a reverie upon the causes of happiness. I came to the conclusion
that a state of profound peace and repose, both in regard to
outward objects and within the soul, is the happiest condition in
which man can be placed; for, although I had many a time been most
joyful and happy when engaged in bustling, energetic, active
pursuits or amusements, I never found that such joy or satisfaction
was so deep or so pleasant to reflect upon as that which I now
experienced. And I was the more confirmed in this opinion when I
observed, and, indeed, was told by himself, that Peterkin's
happiness was also very great; yet he did not express this by
dancing, as was his wont, nor did he give so much as a single
shout, but walked quietly between us with his eye sparkling, and a
joyful smile upon his countenance. My reader must not suppose that
I thought all this in the clear and methodical manner in which I
have set it down here. These thoughts did, indeed, pass through my
mind, but they did so in a very confused and indefinite manner, for
I was young at that time, and not much given to deep reflections.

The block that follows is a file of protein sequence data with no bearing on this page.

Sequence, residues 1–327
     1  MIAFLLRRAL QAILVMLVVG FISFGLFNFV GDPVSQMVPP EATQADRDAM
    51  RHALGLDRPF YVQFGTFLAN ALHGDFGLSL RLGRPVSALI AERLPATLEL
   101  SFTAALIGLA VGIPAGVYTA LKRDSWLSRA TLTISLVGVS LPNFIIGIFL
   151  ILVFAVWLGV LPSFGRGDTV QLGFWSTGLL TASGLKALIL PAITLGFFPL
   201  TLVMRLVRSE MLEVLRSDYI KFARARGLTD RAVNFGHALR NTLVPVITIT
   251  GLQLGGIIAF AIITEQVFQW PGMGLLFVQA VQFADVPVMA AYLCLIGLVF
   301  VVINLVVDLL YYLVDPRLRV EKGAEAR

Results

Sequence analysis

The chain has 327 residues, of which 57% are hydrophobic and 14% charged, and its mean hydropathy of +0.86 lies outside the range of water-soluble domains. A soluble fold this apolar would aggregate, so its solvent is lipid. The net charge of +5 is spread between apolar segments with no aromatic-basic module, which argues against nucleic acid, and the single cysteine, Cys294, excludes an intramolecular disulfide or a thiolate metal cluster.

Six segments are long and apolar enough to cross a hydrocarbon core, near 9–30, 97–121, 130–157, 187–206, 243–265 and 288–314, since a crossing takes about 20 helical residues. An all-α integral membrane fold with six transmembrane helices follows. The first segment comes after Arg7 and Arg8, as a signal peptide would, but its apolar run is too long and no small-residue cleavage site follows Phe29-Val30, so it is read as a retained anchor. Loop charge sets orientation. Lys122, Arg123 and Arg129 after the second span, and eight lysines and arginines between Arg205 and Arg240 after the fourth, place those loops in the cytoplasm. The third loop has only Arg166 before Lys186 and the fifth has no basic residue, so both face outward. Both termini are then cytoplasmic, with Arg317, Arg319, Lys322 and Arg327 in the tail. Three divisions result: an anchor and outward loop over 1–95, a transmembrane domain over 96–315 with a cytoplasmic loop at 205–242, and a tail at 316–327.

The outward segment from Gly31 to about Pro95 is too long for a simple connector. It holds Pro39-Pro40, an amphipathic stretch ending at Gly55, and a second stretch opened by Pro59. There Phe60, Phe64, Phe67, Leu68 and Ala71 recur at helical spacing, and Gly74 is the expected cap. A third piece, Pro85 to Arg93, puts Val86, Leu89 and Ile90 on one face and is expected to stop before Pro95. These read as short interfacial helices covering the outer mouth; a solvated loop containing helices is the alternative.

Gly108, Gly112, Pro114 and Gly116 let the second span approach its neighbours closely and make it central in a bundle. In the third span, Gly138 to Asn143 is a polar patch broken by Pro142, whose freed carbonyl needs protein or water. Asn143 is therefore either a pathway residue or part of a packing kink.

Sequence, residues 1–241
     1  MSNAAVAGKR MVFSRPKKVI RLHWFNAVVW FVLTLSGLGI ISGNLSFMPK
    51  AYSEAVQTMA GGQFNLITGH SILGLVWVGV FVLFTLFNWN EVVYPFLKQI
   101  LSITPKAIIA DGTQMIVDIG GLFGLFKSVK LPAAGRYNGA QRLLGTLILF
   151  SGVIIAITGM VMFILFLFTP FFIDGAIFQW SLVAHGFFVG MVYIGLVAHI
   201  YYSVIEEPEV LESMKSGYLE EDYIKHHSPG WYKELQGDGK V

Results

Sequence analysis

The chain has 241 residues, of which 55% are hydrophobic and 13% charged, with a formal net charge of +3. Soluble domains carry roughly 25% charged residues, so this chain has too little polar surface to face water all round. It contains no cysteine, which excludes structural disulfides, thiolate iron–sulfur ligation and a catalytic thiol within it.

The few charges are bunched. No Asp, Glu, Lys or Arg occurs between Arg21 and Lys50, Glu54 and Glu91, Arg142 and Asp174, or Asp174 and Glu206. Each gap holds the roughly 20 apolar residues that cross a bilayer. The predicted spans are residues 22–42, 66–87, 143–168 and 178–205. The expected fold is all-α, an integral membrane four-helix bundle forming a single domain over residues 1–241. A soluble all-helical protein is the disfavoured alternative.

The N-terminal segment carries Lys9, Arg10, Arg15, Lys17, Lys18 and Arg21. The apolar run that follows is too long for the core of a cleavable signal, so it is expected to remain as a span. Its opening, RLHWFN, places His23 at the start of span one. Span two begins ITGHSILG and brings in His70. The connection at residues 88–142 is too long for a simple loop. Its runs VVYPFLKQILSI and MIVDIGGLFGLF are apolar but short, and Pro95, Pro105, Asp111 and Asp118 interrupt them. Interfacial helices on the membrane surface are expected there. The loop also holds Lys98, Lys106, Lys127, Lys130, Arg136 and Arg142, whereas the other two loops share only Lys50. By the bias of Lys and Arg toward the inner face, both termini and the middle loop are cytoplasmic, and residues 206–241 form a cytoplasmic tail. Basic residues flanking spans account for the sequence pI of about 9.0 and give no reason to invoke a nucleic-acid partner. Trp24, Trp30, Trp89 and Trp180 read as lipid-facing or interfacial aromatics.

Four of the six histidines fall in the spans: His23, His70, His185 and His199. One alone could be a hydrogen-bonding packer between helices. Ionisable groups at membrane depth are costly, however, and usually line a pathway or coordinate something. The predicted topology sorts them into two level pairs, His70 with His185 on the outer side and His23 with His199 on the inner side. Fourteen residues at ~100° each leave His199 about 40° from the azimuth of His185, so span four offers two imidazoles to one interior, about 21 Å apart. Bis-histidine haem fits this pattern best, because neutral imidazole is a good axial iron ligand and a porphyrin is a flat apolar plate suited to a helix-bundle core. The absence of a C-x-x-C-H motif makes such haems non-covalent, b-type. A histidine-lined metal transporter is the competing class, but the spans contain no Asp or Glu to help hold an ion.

Neither did I consider that the peace whereof I write is not to be
found in this world - at least in its perfection, although I have
since learned that by religion a man may attain to a very great
degree of it.

I have said that Peterkin walked along the sands between us. We
had two ways of walking together about our island. When we
travelled through the woods, we always did so in single file, as by
this method we advanced with greater facility, the one treading in
the other's footsteps. In such cases Jack always took the lead,
Peterkin followed, and I brought up the rear. But when we
travelled along the sands, which extended almost in an unbroken
line of glistening white round the island, we marched abreast, as
we found this method more sociable, and every way more pleasant.
Jack, being the tallest, walked next the sea, and Peterkin marched
between us, as by this arrangement either of us could talk to him
or he to us, while if Jack and I happened to wish to converse
together, we could conveniently do so over Peterkin's head.
Peterkin used to say, in reference to this arrangement, that had he
been as tall as either of us, our order of march might have been
the same, for, as Jack often used to scold him for letting
everything we said to him pass in at one ear and out at the other,
his head could of course form no interruption to our discourse.

We were now fairly started. Half a mile's walk conveyed us round a